The truth behind propylene glycol

The truth behind propylene glycol

Propylene glycol. Behind this obscure term hides one of the most common ingredients found in cosmetics and personal care products, but also in processed food and medications. A synthetic alcohol, propylene glycol has multiple properties which make it indispensable to the beauty and pharmaceutical industries. “It’s present in about half of all topical products. It’s an extremely useful ingredient since it acts in multiple functions. It’s an oil free moisturizing ingredient, a solvent, it’s penetrant to help medications through the skin barrier, and preservative,” explains US-based dermatologist Andrew Scheman, from the American contact dermatitis society.

Allergy risk of propylene glycol

While it is widely used and quite useful, concerns have been raised in recent years regarding its safety. Indeed, propylene glycol has been tied to a range of health issues. The US Food and Drug Administration (FDA) stated that propylene glycol is "generally recognized as safe,” cases of eye and skin irritations, allergies and contact urticaria have been reported in the scientific literature. Taking a closer look at the data suggests however that there is no cause for alarm however.

“It is a very safe ingredient for the most part. Like many other safe ingredients, some people may develop allergy to it. We want to emphasize that this is an extremely useful ingredients that should continue to be used in products, however, there will be some individuals that will have skin reactions due to contact allergy to propylene glycol and may not tolerate products which contain it,” Scheman says.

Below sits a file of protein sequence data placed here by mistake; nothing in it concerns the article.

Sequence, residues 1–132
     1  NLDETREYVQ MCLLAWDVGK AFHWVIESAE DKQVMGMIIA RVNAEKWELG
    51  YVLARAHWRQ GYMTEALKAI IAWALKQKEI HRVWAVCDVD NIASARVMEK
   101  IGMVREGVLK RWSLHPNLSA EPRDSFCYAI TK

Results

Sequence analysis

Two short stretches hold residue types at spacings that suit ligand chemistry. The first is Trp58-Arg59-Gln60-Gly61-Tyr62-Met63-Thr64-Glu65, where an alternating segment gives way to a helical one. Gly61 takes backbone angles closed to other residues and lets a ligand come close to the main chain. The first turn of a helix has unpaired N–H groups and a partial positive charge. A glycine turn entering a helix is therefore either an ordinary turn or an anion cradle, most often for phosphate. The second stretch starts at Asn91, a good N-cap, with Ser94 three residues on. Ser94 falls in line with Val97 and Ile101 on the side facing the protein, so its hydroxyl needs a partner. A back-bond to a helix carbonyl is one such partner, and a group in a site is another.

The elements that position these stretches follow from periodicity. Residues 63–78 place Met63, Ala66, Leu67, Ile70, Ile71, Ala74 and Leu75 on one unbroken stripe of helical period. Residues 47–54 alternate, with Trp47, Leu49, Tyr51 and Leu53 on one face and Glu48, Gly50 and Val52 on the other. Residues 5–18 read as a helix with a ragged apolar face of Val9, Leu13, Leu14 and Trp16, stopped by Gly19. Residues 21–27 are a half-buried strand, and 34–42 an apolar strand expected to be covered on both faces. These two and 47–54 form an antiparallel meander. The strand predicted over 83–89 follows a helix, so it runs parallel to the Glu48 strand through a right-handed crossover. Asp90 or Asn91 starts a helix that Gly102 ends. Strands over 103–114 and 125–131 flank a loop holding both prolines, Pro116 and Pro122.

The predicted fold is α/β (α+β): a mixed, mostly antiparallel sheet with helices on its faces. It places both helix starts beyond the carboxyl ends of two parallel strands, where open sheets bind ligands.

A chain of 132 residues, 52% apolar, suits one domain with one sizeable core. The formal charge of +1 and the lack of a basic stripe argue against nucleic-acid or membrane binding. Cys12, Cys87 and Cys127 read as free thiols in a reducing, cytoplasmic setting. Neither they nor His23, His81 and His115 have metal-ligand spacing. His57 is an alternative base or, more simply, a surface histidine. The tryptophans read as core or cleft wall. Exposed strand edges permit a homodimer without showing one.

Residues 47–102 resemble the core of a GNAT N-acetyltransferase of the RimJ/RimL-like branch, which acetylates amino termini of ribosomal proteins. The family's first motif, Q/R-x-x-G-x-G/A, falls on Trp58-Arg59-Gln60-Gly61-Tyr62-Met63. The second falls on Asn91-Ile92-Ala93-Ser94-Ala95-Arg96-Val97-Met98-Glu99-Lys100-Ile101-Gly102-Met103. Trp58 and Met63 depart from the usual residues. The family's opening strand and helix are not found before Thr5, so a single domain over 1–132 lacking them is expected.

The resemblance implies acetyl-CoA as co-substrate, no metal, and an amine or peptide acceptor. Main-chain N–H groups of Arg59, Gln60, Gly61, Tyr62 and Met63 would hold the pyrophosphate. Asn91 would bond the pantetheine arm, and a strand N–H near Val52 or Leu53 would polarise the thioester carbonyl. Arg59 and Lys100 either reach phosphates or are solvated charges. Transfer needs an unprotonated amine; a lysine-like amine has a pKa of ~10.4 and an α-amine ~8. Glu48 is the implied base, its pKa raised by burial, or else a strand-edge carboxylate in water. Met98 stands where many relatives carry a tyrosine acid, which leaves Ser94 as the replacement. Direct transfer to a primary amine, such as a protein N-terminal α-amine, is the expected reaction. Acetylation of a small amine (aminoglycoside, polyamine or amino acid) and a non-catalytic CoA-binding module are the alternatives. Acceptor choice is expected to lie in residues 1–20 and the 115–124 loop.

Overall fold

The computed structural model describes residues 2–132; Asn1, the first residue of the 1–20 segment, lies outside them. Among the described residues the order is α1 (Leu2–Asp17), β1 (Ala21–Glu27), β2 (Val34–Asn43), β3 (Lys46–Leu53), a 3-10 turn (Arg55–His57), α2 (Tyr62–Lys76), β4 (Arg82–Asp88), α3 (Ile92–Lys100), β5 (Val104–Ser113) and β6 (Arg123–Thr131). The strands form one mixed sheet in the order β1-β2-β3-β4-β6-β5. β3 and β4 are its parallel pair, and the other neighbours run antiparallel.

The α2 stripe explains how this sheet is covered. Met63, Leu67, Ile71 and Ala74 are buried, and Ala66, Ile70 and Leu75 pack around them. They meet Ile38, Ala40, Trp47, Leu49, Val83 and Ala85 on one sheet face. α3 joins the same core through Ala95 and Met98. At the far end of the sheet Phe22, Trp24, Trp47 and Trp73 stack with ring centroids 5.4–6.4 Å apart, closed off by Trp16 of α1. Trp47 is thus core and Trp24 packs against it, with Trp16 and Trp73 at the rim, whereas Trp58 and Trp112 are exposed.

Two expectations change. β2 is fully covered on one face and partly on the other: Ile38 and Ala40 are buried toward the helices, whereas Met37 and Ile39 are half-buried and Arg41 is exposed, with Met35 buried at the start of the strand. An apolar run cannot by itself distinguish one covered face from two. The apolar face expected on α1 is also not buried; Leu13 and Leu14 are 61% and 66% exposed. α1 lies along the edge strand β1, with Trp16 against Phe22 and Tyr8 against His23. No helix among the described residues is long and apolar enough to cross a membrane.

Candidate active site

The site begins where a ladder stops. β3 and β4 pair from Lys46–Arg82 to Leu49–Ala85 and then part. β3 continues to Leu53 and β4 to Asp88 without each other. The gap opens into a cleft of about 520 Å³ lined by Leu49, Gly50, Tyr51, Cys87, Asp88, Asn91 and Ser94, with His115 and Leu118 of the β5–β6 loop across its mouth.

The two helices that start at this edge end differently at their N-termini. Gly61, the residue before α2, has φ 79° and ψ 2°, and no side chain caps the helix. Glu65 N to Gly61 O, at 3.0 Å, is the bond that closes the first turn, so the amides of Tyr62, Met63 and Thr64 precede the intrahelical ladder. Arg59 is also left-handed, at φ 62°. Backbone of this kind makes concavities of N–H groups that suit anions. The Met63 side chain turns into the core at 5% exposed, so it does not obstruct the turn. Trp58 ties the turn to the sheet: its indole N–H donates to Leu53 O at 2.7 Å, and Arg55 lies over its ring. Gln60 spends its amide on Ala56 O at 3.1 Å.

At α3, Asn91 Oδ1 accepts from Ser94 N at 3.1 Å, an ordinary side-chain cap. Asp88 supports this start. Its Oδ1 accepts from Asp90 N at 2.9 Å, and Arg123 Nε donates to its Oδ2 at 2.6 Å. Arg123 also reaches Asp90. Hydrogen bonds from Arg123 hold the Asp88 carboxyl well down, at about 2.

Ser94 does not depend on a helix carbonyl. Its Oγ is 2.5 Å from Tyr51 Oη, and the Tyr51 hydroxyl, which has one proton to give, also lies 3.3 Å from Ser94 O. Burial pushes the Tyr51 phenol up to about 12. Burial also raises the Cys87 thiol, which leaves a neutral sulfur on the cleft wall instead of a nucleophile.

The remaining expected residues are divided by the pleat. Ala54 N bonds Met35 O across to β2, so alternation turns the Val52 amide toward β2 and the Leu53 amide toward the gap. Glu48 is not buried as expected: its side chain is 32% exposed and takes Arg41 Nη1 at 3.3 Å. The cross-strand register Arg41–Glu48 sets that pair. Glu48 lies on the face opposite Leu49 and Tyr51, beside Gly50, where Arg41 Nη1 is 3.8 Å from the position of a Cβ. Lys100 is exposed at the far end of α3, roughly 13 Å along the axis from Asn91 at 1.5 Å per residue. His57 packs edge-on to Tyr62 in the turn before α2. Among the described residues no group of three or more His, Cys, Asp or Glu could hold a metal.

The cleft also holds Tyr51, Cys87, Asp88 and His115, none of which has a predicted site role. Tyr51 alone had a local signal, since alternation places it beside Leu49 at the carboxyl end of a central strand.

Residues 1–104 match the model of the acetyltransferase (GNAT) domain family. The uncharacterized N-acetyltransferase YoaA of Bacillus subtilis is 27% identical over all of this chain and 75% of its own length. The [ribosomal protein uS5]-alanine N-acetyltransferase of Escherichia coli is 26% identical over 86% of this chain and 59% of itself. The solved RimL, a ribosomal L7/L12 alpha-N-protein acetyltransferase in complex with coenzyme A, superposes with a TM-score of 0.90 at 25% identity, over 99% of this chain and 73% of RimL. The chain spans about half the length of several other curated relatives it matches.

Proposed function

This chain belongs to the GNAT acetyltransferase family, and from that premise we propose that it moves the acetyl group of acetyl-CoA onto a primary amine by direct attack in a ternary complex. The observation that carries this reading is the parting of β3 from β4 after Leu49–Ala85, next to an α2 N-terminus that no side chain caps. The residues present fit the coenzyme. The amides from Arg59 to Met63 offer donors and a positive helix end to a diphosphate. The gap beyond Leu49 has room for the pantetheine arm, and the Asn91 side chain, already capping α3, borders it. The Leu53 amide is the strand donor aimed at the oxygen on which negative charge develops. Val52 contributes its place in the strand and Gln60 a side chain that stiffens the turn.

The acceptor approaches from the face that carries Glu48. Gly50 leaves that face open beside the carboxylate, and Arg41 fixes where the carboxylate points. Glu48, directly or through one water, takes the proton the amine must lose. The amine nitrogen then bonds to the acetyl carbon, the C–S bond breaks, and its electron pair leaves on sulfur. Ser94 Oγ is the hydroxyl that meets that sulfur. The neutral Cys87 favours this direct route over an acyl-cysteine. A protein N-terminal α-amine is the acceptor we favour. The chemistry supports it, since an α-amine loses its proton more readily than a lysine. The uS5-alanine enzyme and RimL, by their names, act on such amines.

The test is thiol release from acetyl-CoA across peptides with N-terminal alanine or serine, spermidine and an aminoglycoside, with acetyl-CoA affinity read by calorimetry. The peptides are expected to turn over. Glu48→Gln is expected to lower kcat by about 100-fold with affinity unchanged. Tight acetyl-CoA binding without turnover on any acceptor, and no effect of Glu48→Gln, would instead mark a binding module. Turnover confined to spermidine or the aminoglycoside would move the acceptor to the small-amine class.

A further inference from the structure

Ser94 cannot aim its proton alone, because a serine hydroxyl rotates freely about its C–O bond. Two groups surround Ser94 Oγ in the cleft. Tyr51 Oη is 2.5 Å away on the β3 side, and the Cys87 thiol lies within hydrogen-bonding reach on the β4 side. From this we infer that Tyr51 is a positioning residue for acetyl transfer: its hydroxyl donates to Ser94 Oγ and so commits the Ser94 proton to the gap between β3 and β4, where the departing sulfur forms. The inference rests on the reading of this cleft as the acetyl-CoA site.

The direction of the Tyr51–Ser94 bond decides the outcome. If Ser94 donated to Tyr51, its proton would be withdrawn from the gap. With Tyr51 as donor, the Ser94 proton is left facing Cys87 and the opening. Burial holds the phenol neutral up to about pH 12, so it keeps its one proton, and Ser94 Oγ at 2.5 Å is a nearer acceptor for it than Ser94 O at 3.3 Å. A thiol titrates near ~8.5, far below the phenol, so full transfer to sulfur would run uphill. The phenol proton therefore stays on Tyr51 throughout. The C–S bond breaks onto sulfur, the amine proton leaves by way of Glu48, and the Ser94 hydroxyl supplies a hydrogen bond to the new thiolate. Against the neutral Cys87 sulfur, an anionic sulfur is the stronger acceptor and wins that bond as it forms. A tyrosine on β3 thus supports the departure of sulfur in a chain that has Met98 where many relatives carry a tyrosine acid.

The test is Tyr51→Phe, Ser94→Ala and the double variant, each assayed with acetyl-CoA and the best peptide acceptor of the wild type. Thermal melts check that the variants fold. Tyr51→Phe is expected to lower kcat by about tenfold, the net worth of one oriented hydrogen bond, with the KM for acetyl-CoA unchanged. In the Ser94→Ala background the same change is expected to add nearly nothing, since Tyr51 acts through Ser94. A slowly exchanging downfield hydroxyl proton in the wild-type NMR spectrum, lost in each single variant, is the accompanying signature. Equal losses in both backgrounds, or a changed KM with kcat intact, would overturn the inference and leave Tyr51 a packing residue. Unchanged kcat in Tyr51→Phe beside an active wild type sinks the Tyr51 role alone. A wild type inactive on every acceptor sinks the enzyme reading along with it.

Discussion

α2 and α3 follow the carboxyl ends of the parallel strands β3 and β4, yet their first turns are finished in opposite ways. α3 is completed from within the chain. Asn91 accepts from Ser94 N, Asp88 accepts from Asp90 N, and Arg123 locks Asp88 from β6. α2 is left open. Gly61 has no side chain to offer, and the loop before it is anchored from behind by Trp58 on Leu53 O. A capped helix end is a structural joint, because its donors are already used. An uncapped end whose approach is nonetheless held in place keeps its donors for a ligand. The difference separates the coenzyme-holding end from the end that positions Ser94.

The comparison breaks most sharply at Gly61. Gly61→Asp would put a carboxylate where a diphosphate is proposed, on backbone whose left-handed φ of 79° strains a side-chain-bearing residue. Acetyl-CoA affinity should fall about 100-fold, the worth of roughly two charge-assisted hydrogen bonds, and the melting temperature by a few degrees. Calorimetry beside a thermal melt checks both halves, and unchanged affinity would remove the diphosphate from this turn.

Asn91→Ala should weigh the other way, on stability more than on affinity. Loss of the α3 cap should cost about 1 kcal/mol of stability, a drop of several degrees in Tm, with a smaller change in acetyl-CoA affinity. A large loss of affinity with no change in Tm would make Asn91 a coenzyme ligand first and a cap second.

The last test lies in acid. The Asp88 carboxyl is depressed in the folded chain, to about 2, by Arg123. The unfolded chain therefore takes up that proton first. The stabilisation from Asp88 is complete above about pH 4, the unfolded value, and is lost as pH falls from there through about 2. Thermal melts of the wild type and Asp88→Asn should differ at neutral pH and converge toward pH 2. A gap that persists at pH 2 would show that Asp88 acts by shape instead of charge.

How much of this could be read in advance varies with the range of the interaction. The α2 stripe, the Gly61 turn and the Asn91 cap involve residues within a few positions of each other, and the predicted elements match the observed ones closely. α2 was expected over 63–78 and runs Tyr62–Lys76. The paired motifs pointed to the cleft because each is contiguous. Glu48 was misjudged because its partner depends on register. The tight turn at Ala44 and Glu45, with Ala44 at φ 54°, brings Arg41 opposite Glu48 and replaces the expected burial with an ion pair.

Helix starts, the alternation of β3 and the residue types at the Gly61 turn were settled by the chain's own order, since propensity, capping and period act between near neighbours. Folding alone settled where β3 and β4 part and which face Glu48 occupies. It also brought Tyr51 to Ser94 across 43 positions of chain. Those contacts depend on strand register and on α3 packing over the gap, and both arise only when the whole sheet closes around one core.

Propylene glycol and cancer

A more preoccupying fact may be that some scientists have tied propylene glycol to a raised risk of cancer or to neurodevelopmental issues. A 2012 study for example showed that this compound was linked to the death of brain cells.

It’s worth pointing out, however, that these studies do not prove that propylene glycol is the cause of the health problems identified. They rely on correlations. Most of these studies have been done on animals, and are not perfectly applicable to humans. Furthermore, other research have reached opposite conclusions.

Beyond the risk of allergies which has been well established, it’s therefore difficult to assess the long-term risk that this particular chemical poses to human’s health, as the data can be confusing and contradictory. It’s likely that most of the concerns are overblown, especially since cosmetics contain very low concentrations of propylene glycol which are unlikely to harm in any way. Applied on the skin, these products have no effect on the brain or other organs.

Propylene glycol in cosmetics

So keep moisturizing without fear or cancer or neurological diseases. As for the allergy risk, knowing about it and being prepared to switch face creams or body lotions in case of redness and irritations is a good first step to take care of your skin.

“We are not advocating that people avoid products with propylene glycol. We simply want to make them aware that allergy to this ingredient is not rare and to be aware of this possibility. We need to continue to collect data on the prevalence of allergy to propylene glycol to monitor whether or not this is becoming a more frequent problem,” Scheman concludes.

Writer: Léa Surugue